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Medallist taking earthquakes from devastating to ‘just a nuisance’

31 October 2023

On a mission to make earthquakes no more than a nuisance, UC Research Medallist winner Professor Brendon Bradley has built his career on fortuitous timing, hard work, and leaning into the basics.


Having raised over $67 million of funding and produced 400 technical publications and 140+ peer-reviewed publications in top journals, his work has been cited more than 10,000 times resulting in an H-index of 50 (a measure of productivity and citation impact), similar to top Engineering professors nearing retirement.

Te Whare Wānanga o Waitaha | University of Canterbury Civil and Natural Resource Engineering lecturer and researcher, Professor Brendon Bradley is well deserving of the prestigious UC Research Medal awarded by the UC Council.

Professor Bradley received his PhD from UC in 2009, after which he joined GNS Science before an academic position opened at UC in 2010, only nine months before the devastating 2010-2011 earthquake sequence that hit Waitaha Canterbury. He later worked as a postdoctoral fellow in Tokyo Japan for a year, experiencing first-hand the magnitude 9 earthquake and tsunami in Tōhoku, Japan.

SDG 9 Sustainable Development Goal (SDG) 9 - Industry, Innovation and Infrastructure.

These pivotal experiences gave Professor Bradley important insights into his work and the opportunities to work with international experts early in his career, “I was working with the best and brightest globally in the aftermath of these earthquakes. It was beneficial for expanding my horizons early in my career, and certainly contributed toward my interest in building large research endeavours like QuakeCoRE.”

Professor Bradley contributed to the creation and development of Te Hiranga Rū QuakeCoRE NZ Centre for Earthquake Resilience in 2016, serving initially as its Deputy Director, and has been the Director since 2019. The Centre takes a multidisciplinary approach to earthquakes, recognising that earthquakes don’t just impact physical infrastructure, and therefore solutions must include social, economic and cultural research inputs.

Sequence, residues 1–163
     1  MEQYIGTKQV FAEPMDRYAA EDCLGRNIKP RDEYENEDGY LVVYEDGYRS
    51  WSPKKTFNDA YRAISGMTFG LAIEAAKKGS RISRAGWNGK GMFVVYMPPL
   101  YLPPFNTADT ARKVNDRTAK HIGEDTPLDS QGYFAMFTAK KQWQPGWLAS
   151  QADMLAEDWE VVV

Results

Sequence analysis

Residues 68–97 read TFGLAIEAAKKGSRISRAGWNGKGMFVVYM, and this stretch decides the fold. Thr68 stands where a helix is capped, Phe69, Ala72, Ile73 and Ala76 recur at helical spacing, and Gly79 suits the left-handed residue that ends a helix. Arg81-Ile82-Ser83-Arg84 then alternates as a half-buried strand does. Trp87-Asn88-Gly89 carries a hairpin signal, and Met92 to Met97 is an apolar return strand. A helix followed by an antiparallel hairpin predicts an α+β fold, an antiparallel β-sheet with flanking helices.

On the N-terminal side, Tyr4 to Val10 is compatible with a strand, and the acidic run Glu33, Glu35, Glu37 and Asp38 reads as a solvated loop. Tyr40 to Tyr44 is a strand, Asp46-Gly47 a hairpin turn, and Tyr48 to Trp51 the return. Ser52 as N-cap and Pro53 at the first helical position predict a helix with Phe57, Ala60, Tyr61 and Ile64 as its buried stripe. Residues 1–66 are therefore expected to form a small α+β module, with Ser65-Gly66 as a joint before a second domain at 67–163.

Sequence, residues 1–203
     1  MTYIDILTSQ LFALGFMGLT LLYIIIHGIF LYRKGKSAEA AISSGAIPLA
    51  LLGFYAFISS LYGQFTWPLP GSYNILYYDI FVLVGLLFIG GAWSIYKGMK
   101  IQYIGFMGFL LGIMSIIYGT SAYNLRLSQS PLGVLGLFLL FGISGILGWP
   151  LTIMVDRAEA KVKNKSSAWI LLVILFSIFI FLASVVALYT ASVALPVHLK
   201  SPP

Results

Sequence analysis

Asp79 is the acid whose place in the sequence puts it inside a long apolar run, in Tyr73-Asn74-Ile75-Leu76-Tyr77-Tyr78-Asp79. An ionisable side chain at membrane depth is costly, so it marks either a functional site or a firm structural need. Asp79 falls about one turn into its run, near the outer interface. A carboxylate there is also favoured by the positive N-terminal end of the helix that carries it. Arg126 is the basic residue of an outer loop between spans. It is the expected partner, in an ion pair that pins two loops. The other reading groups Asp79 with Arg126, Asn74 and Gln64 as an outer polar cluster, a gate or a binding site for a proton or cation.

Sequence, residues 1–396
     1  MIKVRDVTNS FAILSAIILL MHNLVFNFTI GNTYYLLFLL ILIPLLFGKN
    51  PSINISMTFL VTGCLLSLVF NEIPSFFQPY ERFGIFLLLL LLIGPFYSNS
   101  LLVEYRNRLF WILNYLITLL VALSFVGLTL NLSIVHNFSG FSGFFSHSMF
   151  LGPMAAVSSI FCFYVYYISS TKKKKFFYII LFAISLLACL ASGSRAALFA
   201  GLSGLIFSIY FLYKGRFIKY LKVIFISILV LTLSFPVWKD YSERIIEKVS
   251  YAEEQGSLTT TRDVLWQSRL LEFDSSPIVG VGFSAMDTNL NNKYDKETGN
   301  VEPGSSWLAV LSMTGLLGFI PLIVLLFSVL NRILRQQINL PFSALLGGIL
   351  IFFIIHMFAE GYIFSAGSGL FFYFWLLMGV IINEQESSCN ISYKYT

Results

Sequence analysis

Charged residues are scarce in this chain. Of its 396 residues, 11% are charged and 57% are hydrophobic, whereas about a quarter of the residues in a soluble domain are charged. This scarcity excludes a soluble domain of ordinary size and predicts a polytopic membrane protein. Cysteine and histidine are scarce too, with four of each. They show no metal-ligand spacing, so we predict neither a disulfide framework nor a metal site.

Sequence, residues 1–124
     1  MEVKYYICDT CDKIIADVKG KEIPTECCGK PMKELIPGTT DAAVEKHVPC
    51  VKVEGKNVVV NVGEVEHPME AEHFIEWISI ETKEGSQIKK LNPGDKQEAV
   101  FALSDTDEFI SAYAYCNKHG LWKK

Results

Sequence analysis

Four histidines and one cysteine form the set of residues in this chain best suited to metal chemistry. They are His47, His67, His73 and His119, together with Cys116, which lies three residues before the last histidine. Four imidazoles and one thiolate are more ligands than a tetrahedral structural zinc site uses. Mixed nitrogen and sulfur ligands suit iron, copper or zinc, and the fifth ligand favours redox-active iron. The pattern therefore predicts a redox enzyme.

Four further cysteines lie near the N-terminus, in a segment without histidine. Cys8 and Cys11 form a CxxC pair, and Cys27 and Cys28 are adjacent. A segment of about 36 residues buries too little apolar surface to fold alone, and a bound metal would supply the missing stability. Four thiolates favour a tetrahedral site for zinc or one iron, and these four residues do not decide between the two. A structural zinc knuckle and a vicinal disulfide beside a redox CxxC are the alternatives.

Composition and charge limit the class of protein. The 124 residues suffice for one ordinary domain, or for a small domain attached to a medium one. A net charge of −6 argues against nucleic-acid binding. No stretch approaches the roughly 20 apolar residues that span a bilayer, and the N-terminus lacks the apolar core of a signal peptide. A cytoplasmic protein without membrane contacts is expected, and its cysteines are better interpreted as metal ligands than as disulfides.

Professor Bradley believes it is possible for earthquakes to be far less impactful in the future. “I have no fear towards earthquakes, I don’t think of them in a negative way. We have the technology, that when applied well, can make buildings and society – resilient. It’s about deploying those technologies, and also making them better and cheaper so we can do it economically. 

“I think there is a relatively clear pathway to where earthquakes just become a nuisance rather than something that can be devastating. That’s not to trivialise the situation, because the pathway may take 50+ years, but I don’t think it’s impossible to imagine a future where they are just a nuisance,” Professor Bradley says.  

While Professor Bradley has had an impressive career, he isn’t waiting around for the next earthquake, but focusing on what can be done now. “My philosophy is to do the basics well, and constantly improve on a daily basis – whether that is as a lecturer in the university, as a researcher working in a global community, or as an engineer working with practitioners in industry. 

“Earthquake resilience is also a brick-by-brick process, we need to do things in a consistent manner over time, including during ‘peace time’ in between large earthquakes, to build a strong resilience foundation, these problems can’t be solved economically using any one easy solution.”

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